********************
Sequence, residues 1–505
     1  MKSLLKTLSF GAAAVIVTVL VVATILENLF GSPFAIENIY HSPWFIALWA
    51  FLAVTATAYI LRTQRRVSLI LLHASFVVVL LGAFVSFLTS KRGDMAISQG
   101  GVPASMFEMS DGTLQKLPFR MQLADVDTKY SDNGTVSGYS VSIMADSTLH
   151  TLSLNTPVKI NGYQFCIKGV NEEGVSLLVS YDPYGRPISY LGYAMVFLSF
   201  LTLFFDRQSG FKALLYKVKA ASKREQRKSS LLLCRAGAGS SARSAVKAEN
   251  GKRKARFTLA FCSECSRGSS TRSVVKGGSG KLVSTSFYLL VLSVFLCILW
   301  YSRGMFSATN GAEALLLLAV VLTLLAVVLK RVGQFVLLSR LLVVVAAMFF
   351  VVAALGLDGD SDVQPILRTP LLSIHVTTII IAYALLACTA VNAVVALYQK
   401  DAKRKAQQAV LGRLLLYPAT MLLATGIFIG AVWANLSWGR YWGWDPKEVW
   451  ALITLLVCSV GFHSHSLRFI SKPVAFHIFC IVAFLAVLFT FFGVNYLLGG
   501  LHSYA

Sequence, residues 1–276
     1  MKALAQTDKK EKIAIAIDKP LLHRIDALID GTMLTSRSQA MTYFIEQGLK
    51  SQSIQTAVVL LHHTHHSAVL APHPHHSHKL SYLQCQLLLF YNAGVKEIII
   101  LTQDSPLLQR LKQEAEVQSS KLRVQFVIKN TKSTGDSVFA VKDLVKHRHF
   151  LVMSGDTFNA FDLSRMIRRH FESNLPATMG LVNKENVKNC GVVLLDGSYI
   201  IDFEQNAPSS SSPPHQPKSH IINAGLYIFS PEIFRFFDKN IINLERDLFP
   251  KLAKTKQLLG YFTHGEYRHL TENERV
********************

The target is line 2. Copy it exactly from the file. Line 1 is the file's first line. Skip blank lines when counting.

     1  MKSLLKTLSF GAAAVIVTVL VVATILENLF GSPFAIENIY HSPWFIALWA